All of this does not, however, constitute an excuse for physicians to pander to those with less integrity or practice apathy instead of quality. Physicians need to be reminded that they can only be controlled if they allow themselves to be controlled.
The Physician (Yesterday)
Good posture is important in the even distribution of loading on the spine. The human spine was basically designed for 4-legged ambulation. To walk successfully on two legs on a high gravity planet requires a number of accommodations in order to attain maximal use and health of the spine during the individual’s lifetime. Ergonomic chairs, car seats, and other devices are available to improve lumbar lordosis and thus more evenly distribute stress and loading on the spinal column. If we looked at our spines as being similar to the horse of a cowboy or cowgirl, and if they subjected their horse to constant insult, injury, and starvation, it wouldn’t be surprising to an observer that the horse was not performing well. Basically, the same situation exists in regard to our own spines. The time is now to learn to love your spine and to look into appropriate health maintenance programs.
Prevention is the base of health care. It is the rock upon which subsequent therapies should rest. Unfortunately, there has been a great amount of lip service paid to this most effective activity but not much follow-through by third party payor systems. Health care payors mouth this word in unison but they have yet to discover its true meaning. Statistics tell the story:
Treatment is initially more expensive. In the area of spine care alone, sensible preventive measures would probably be capable of eliminating about 60% of the total cost of spine care in the United States today. These dramatic savings, in addition to lowering over-all costs, would place third party payors in the unthinkable position of being able to provide better care while also lowering premiums!!!
Prevention is the rock upon which a health care system should be based
The concept of Restorative Spine Care represents only one renaissance in attempting to approach the challenge of more sensible therapies in the management of spine related problems. Of the many presently existing medical and health care disciplines spine care has clearly been at the front of the class in regard to the most expensive, least productive, and least successful from the standpoint of surgery. Inherent in the new concept of “restorative” is a focus on more physiologic approaches intended to not only effectively treat, but also to prevent the creation of more patient problems than there were to start with. Restorative Spine Care includes three separate entities:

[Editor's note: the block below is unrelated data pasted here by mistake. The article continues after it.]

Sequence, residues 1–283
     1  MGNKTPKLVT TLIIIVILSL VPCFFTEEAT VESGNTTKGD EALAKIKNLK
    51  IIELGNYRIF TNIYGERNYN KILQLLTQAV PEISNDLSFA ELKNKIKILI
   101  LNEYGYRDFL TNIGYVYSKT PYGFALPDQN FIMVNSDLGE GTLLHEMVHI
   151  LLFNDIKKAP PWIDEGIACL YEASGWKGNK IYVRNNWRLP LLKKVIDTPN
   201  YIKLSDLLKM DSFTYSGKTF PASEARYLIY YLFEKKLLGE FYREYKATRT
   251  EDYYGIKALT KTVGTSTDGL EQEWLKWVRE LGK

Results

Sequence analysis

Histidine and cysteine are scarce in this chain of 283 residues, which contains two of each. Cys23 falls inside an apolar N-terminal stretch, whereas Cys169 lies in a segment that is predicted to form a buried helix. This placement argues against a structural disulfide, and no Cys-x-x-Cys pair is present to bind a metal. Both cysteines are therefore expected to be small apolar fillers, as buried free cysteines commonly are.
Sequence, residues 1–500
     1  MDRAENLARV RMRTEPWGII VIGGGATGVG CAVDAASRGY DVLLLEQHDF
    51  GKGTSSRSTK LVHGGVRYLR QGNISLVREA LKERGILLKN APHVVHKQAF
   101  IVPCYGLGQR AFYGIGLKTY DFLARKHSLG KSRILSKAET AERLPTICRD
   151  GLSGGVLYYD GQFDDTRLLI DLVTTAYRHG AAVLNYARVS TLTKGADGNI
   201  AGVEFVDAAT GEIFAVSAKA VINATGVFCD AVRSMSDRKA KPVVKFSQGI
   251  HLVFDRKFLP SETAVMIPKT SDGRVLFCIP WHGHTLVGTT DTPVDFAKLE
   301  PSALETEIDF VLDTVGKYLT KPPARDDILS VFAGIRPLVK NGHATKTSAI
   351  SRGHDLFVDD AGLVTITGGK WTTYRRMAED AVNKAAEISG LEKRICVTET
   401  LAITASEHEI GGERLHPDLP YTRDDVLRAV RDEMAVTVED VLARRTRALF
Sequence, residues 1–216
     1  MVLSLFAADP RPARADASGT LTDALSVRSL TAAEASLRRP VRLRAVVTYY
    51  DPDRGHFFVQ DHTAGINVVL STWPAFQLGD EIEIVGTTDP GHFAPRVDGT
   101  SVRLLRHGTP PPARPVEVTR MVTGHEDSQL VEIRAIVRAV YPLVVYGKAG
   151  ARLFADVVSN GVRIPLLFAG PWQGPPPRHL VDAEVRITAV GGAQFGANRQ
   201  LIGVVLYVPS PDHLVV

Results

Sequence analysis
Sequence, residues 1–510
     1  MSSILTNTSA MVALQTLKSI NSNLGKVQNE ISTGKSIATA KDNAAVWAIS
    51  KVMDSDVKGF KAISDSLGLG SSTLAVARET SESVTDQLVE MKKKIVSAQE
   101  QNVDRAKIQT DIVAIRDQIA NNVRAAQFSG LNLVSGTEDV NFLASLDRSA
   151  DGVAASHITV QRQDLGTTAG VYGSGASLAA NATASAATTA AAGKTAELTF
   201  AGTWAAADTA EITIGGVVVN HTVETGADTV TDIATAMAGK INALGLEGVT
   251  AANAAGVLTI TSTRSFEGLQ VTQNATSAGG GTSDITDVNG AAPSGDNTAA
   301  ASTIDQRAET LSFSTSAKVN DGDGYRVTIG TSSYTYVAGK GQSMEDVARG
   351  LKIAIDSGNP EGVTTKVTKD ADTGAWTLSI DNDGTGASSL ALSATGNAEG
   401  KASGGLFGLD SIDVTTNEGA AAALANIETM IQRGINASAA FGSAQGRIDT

Non-Invasive Restorative Spine Care
Minimally Invasive Restorative Spine Care
Restorative Spine Surgery
There remains a continuing challenge to convince many in spine care that the maintenance of flexibility is an important goal. This lesson has been particularly absent from the minds of those who perform multi-level rigid spine fusions. Modern architects discovered the importance of energy absorption when they saw rigid tall buildings collapse from exposure to external stresses such as hurricanes and earthquakes. Modern skyscrapers are now designed to have some inherent flexibility. Sir John Charnley revolutionized joint surgery when he introduced artificial joints. Prior to this diseased joints were solidly fused. The facts that the human spine is normally flexible and that imposing multi-level rigid fusions is unwise, have not yet adequately permeated the minds of many who, because of this serious omission, have been creating disabled patients at an alarming rate.
There is no free lunch in health care. Every treatment and drug has potential risks. The challenge is for the patient to reasonably determine what these risks are in advance and see if they are greater than the potential benefits of treatment. Unless there is full understanding of risk, it is simply not possible for a patient to have have informed consent. Sometimes the greatest risk to the patient is the car ride to the hospital.